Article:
History in Your Backyard: Central Geneva Historic District

The Central Geneva Historic District is a set of 102 buildings and structures in Geneva, Illinois.  Of those, 68 contribute to the district's historical integrity. The district is representative of southern Geneva, south of Illinois Route 38. Among the noted buildings is the Kane County Courthouse and the Frank Lloyd Wright-designed P. D. Hoyt House. The district was added to the National Register of Historic Places in 1979.

The Central Geneva Historic District principally consists of land from the original platted settlement, now the southern half of the town. It is primarily residential, but does have a commercial sector lining W. State Street (Illinois Route 38). Among the public buildings are a public library, city hall, and county courthouse. The only other major road intersecting the district is S. First Street (Illinois Route 31). Most houses are two-story frame residences built between 1840 to 1900, principally from a vernacular style. Geneva's later identification as a scenic shopping area encouraged the city to invest in the restoration of several structures. The district was added to the National Register of Historic Places on September 10, 1979.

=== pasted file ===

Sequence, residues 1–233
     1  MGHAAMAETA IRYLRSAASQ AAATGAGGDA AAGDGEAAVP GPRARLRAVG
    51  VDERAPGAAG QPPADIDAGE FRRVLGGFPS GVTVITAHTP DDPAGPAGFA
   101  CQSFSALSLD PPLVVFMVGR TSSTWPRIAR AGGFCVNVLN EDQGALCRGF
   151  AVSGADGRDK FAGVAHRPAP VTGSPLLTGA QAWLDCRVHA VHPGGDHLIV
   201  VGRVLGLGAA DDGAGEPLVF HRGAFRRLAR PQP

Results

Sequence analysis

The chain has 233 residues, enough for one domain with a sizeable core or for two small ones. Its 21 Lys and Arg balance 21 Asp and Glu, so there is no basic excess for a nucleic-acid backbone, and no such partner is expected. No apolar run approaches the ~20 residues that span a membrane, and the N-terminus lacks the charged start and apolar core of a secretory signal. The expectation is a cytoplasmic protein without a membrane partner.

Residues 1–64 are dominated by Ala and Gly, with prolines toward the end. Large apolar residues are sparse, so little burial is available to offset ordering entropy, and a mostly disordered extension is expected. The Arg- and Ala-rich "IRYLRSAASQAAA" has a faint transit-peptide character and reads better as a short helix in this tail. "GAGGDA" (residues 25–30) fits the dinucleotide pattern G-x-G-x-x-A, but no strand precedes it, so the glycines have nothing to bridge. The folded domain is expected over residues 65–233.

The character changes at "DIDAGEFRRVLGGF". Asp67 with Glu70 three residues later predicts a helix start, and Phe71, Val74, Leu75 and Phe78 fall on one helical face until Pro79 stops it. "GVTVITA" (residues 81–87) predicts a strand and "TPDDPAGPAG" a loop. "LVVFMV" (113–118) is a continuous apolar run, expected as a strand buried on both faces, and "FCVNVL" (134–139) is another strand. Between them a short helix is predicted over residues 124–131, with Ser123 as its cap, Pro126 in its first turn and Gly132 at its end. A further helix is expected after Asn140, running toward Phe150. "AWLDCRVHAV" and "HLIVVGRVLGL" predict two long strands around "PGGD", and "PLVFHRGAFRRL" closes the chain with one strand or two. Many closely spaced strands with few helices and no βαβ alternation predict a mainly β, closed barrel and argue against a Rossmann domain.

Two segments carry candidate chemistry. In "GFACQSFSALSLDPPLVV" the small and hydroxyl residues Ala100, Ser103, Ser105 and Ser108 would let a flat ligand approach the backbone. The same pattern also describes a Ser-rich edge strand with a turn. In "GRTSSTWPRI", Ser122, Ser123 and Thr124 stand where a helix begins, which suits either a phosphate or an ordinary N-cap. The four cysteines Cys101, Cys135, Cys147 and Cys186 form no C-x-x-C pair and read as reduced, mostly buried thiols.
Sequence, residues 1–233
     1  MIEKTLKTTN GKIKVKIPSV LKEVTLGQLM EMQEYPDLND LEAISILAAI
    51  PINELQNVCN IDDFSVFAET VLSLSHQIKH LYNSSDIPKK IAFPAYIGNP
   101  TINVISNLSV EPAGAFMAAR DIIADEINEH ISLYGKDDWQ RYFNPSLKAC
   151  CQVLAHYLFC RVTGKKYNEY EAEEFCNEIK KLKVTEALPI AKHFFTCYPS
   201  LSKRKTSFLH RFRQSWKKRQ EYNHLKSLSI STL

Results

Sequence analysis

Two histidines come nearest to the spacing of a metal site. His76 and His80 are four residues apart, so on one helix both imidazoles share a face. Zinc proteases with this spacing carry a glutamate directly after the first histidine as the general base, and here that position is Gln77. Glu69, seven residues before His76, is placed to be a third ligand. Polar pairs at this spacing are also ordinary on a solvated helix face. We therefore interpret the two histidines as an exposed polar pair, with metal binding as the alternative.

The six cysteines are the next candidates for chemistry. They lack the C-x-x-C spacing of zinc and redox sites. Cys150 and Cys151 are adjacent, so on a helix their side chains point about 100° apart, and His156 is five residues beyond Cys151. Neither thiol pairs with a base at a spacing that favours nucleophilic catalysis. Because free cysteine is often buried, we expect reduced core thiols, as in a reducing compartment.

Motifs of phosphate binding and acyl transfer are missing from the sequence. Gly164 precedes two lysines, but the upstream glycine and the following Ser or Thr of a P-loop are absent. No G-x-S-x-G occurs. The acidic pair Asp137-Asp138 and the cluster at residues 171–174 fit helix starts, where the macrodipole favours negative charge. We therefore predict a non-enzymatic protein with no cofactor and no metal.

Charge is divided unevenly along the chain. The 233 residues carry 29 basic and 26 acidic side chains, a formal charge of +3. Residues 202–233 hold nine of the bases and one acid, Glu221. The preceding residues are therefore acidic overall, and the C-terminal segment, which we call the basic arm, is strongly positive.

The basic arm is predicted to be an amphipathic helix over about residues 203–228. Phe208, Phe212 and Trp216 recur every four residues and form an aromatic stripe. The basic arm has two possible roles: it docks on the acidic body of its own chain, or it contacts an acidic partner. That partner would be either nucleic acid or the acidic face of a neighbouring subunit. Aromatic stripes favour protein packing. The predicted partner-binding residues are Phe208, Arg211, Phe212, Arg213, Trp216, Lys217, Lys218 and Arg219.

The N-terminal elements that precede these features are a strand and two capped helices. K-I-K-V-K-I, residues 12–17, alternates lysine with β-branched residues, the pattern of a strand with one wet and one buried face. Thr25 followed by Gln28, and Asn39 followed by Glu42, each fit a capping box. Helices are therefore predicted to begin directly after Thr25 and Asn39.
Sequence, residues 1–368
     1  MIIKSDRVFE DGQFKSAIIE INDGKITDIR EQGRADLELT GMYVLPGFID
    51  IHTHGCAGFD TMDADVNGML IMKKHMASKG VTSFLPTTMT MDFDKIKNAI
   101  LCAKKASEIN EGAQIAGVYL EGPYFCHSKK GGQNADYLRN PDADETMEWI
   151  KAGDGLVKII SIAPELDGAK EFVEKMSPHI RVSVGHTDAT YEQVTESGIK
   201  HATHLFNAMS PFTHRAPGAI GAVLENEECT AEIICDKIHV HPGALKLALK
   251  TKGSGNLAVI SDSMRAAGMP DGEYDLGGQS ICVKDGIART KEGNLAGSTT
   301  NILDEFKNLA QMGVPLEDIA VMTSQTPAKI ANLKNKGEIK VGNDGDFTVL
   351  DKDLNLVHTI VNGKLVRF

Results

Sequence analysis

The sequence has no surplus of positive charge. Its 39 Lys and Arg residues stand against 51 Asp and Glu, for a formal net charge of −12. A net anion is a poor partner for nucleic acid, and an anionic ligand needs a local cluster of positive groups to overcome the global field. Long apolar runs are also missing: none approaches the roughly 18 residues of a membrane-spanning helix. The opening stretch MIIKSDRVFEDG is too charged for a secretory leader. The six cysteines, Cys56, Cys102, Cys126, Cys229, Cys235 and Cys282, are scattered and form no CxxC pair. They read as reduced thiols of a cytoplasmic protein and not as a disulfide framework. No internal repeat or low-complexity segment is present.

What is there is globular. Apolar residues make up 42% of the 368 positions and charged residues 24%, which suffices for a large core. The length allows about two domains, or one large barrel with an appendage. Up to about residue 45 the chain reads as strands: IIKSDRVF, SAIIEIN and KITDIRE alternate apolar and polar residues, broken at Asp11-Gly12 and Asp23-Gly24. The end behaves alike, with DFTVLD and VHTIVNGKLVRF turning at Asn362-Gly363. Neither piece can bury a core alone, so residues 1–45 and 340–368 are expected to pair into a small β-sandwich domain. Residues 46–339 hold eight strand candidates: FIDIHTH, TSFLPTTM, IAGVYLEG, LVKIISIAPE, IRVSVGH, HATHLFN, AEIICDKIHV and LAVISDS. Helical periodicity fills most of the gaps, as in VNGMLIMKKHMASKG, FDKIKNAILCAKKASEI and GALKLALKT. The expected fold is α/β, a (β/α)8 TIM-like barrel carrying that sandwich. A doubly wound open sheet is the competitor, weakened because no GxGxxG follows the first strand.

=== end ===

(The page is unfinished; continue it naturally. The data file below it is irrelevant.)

The nomination form for the historic district singles out several properties that are particularly representative of mid- to late- 19th century architectural styles:
* Unitarian Church, built in 1843, Greek Revival
* Loveday House, built c. 1869, Gothic Revival
* Augustus Herrington House, built c. 1851, Italianate
* Moore House #2, built in 1864, Italianate
* Plato House, built in 1857, Italianate
* Charles B. Wells House, built in 1850, Neoclassical
* George Patten House, built in 1857, Federal Revival
* Isaac Wilson House #1, built c. 1852, Federal Revival
* P. D. Hoyt House, built in 1906, designed by Frank Lloyd Wright, Prairie School
* Eben Conant House, built c. 1844, vernacular
* Walter House, built c. 1855, vernacular